The 74th Best Actress of All-Time: Joan Crawford

  best film:  Johnny Guitar – and it is not terribly close. Johnny Guitar is Nicholas Ray’s masterpiece and a film that lands inside the top 200 of all-time. So, for Joan Crawford this category is neither a great strength nor a great weakness. Certainly, there is no shame in being the acting centerpiece of Ray’s best film – by definition beating out impressive titles that include Rebel Without a Cause, They Live by Night and In a Lonely Place. The next tier of quality films down for Crawford includes Grand Hotel and Mildred Pierce. These are two fine

The 74th Best Actress of All-Time: Joan Crawford2023-01-18T17:58:12+00:00

The 73rd Best Actress of All-Time: Laura Dern

  best film:  Blue Velvet. For cinephiles, Laura Dern will always be connected to the work of David Lynch. Certainly, many movie fans will always think of her as Dr. Ellie Sattler in Jurassic Park (a fine film to be remembered for).  Dern has also been nominated three films in non-Lynch and non-Jurassic films/roles (Rambling Rose, Wild, Marriage Story).  Blue Velvet is currently listed as the 48th best film of all-time so that wins out here. Other films that warrant serious consideration in this category are Wild at Heart (again with Lynch), Little Women, Marriage Story, and, of course,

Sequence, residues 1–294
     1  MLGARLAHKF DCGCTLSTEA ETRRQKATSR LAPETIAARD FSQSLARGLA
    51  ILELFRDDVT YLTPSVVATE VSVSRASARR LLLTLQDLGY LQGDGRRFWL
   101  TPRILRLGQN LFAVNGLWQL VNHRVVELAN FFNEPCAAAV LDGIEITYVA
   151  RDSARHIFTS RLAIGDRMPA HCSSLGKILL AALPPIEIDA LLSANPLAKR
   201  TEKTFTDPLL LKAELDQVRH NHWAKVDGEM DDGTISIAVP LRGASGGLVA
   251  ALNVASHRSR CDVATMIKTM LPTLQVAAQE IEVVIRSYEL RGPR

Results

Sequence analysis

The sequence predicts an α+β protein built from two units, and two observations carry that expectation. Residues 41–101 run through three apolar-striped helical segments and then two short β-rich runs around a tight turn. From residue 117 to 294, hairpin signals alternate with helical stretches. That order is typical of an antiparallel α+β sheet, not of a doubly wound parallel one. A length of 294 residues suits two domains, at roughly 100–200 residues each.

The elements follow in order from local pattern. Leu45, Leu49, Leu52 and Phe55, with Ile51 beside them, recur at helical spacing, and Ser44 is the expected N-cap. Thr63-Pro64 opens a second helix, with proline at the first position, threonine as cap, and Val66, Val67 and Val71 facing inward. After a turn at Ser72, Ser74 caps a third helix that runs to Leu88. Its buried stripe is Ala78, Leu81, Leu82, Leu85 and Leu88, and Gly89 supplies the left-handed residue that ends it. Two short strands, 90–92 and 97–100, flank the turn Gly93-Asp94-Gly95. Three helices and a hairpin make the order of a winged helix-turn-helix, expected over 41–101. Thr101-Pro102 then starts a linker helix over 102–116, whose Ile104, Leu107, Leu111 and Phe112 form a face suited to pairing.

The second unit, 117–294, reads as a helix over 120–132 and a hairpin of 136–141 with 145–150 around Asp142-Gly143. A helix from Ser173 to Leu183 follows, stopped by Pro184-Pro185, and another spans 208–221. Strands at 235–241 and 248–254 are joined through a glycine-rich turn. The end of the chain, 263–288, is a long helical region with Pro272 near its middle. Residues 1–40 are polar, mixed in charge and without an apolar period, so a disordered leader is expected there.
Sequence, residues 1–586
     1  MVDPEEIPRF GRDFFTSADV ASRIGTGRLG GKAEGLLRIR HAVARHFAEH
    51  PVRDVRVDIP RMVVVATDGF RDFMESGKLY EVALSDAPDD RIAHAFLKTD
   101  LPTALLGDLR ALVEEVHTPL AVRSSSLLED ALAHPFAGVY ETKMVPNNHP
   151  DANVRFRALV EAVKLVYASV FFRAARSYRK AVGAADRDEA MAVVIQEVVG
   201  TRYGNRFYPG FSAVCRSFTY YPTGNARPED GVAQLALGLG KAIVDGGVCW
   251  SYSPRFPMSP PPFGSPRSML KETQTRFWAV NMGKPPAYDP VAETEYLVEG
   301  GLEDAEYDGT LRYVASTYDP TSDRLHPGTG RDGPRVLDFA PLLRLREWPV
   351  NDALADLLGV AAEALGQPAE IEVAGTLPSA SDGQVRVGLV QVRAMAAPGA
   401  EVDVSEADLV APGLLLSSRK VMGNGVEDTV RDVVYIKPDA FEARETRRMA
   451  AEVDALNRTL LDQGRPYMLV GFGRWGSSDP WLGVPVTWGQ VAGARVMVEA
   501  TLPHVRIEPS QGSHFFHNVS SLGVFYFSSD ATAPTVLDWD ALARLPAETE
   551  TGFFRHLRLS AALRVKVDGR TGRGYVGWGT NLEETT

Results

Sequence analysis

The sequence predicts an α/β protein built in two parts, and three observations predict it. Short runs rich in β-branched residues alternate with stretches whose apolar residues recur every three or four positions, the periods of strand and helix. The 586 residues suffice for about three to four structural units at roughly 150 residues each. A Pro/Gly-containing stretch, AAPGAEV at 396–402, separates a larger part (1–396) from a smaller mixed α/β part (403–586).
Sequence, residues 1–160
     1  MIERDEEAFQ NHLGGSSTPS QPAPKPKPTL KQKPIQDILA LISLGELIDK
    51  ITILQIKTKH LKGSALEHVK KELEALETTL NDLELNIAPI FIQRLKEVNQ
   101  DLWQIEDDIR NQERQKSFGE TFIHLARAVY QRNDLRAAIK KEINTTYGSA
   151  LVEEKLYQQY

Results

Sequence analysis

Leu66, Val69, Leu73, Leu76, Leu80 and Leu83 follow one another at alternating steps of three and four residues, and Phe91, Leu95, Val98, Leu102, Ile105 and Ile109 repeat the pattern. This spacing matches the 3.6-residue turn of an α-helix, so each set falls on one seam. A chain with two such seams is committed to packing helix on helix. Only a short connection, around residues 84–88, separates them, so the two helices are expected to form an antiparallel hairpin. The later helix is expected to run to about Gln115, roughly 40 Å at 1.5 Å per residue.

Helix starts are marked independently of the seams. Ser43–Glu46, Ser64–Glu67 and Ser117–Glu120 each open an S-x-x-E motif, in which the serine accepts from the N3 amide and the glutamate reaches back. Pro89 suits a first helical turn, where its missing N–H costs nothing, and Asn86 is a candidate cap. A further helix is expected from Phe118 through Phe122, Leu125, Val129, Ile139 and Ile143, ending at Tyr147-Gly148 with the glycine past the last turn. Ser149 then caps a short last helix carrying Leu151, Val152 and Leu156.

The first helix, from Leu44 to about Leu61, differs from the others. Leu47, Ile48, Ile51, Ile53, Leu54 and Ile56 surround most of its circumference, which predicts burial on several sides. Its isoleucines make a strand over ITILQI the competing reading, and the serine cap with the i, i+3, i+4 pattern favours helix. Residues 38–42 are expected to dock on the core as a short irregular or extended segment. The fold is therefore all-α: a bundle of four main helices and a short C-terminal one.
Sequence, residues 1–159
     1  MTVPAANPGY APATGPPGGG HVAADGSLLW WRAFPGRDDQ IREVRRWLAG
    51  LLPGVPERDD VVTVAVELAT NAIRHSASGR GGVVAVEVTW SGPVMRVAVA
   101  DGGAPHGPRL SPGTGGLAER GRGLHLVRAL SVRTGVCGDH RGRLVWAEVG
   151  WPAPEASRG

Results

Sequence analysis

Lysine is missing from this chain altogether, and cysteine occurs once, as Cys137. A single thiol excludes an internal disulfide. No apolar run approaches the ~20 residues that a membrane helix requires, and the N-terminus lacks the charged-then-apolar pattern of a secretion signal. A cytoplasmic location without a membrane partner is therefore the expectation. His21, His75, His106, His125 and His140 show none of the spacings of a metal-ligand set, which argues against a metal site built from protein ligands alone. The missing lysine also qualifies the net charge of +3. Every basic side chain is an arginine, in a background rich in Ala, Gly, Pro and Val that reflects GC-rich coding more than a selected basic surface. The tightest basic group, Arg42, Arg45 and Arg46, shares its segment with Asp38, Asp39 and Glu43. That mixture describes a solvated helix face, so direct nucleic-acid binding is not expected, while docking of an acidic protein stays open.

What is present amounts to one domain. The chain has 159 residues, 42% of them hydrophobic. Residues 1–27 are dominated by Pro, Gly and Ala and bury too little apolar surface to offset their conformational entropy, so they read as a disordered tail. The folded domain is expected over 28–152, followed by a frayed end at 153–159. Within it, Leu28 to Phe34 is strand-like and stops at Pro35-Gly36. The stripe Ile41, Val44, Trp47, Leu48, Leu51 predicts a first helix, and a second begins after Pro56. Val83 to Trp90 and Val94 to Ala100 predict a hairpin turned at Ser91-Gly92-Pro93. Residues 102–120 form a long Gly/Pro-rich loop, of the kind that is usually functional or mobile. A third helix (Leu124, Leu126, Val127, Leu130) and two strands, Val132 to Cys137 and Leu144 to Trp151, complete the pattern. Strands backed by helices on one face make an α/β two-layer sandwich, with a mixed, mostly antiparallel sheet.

The 73rd Best Actress of All-Time: Laura Dern2023-01-16T14:32:16+00:00

The 72nd Best Actress of All-Time: Grace Kelly

  best film:  Rear Window is Grace Kelly’s finest film. She is very strong in a top 100 all-time film from the great master Alfred Hitchcock, so this category is a strength for Kelly. Her second best is actually Fred Zinneman’s western High Noon over the other two Hitchcock collaborations.     Grace Kelly in high gloss in an unforgettable close-up from Hitchcock's Rear Window     best performance:  Rear Window - and it is just by an eyelash over To Catch a Thief. She swallows up the scenes (in a positive way) in both films with

The 72nd Best Actress of All-Time: Grace Kelly2023-01-14T13:28:42+00:00

The 71st Best Actress of All-Time: Simone Signoret